Vivian said...

How thrilled am I to read this! I originally saw Mary's quilt in Shaw's "American Quilts" book and came across it again in a back issue of Traditional Quiltworks magazine from 1999. Now that I know the larger story that surrounds the piece, it makes me want to finally get to work replicating the quilt. I had purchased a few yards of a Marcus Bros.-RMQM-Judy Rothermel cheater print of HSTs years ago with the intention of doing so. I also learned about (Australian) Carolyn Konig's version "Finding the Way" pictured in Quiltmania's Issue 100. If anyone else is interested in making one, Carolyn offers a kit and pattern for the quilt on her website Carolyn Konig Designs ( All of this may make a very interesting label for the back of the quilt if I ever get it done!

Karen said...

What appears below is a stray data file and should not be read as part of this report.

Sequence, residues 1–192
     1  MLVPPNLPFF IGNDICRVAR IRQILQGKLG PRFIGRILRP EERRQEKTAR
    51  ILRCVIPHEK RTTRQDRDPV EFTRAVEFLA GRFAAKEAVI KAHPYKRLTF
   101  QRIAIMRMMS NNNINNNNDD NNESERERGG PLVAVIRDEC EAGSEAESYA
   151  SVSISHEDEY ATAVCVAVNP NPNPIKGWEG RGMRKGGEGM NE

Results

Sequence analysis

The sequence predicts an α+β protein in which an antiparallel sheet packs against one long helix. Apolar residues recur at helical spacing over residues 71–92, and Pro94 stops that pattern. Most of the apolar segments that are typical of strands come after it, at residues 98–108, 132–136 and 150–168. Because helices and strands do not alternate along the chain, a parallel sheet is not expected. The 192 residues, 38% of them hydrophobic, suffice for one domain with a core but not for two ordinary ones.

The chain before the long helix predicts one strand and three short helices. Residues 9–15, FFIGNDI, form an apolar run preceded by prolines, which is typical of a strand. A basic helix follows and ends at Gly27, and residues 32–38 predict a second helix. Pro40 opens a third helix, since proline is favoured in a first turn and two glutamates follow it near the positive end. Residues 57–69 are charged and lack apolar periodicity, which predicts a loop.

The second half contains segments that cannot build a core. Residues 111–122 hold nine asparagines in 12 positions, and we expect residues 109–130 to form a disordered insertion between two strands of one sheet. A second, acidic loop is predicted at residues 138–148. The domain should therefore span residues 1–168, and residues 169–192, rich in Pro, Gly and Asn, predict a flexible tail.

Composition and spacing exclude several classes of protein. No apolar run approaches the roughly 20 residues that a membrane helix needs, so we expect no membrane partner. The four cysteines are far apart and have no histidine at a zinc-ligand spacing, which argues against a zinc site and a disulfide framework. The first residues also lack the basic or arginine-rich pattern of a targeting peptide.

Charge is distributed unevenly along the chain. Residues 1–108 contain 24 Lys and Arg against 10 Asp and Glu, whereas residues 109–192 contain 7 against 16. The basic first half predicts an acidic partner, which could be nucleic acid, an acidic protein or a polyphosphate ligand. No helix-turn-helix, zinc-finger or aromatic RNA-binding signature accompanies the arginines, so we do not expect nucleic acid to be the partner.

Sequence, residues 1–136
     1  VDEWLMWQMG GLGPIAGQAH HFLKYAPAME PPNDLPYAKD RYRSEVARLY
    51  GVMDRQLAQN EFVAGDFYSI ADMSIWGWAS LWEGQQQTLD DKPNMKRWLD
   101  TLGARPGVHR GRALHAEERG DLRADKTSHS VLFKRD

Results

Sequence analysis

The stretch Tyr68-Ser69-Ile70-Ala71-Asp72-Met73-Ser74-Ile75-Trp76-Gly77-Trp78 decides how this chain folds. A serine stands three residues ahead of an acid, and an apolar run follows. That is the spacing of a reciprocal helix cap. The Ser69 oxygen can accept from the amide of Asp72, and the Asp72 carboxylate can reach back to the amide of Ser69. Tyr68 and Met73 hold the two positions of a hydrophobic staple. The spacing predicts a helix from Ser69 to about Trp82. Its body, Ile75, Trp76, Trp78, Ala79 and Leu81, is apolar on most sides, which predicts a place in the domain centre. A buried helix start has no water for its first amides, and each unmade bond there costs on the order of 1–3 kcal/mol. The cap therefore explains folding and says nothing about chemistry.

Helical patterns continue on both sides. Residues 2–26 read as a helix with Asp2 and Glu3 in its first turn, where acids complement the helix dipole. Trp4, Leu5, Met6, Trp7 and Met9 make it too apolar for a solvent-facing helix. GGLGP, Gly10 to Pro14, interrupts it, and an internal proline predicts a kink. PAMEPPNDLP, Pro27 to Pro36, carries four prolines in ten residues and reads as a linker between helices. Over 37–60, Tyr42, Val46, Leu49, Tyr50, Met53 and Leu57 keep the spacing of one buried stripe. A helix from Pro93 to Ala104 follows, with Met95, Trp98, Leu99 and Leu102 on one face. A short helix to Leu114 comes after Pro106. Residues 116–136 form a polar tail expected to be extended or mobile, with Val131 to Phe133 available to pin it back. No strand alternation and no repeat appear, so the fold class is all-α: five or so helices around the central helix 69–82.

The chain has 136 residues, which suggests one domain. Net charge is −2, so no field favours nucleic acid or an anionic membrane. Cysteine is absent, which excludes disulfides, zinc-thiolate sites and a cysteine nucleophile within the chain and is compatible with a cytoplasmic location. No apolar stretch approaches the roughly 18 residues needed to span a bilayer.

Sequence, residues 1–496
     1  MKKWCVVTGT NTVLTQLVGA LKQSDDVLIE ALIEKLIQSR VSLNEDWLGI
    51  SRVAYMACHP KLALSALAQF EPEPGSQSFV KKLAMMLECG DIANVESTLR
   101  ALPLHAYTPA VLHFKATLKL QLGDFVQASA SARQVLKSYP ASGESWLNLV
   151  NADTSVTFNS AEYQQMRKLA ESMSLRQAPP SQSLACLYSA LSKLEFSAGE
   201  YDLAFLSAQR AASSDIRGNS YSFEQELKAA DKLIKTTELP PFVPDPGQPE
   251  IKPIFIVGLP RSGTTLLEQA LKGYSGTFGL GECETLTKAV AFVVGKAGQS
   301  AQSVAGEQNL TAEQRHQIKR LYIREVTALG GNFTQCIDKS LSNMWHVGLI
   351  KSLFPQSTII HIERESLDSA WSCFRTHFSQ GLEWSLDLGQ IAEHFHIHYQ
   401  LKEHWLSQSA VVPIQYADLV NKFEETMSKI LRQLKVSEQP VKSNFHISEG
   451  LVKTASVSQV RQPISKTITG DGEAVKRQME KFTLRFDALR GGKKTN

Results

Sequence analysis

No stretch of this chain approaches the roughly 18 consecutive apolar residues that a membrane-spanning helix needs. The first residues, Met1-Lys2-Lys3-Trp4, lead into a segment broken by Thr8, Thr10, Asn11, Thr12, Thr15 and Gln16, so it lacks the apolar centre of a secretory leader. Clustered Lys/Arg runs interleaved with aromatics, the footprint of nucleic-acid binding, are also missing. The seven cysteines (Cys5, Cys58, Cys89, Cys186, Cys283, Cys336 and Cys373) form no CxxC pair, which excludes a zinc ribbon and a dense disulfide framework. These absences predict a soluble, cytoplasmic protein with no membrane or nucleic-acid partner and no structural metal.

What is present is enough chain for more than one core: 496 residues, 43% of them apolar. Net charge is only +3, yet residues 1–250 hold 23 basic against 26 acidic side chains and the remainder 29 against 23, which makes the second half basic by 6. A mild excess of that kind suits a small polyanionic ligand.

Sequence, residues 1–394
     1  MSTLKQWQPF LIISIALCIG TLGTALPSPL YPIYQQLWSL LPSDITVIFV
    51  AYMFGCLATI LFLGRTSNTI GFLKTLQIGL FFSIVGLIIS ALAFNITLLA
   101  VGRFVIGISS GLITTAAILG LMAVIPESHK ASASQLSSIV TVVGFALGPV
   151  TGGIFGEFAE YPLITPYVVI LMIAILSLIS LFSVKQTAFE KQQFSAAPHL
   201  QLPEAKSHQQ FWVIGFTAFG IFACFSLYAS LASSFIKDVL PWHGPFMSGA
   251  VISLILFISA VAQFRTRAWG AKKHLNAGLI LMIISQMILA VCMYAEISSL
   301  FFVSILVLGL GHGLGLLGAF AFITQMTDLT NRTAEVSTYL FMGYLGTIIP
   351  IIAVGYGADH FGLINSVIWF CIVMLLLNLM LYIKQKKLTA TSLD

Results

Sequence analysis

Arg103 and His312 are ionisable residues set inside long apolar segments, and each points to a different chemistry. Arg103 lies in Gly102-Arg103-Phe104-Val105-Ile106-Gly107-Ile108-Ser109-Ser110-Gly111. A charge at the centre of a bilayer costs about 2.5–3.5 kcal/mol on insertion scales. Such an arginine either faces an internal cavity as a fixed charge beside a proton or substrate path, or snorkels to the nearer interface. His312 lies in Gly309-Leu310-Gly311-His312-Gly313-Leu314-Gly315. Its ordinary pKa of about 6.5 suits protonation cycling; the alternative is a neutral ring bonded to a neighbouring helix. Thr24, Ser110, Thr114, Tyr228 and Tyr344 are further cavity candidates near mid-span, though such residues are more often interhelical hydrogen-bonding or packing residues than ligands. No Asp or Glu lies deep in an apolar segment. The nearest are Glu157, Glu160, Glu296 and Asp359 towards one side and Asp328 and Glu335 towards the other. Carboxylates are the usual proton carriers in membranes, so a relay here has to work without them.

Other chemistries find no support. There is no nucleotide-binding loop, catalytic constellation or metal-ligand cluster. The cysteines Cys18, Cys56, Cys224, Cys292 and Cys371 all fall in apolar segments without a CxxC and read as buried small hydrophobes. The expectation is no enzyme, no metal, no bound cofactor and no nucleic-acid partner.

This was so interesting. Rebecca Lloyd Nicholson and her brother, MD Governor Edward Lloyd V are my 3rd cousins, 5x removed. I knew the Lloyds owned lots of slaves and they had many plantations. Frederick Douglas was born on one of the Lloyd Plantations and in his Autobiography, he said that the Lloyds were not kind owners. Mr. Douglas said they owned at least 1000 slaves and were probably some of the wealthiest people in the country at the time. I can imagine many slaves wanting to escape. Barbara, am I allowed to post any of this with a source citation to you? Thanks for your blog. I always learn something! Karen

Barbara Brackman said...

Sure, Karen do post. Did you inherit any family quilts? I'd forgotten about that Frederick Douglass connection.

Karen said...

I didn't inherit any quilts quite that old or from that family line. My husband and I were quilt collectors and have about 300 vintage quilts. Most are not family and no provenance. Just liked them! Karen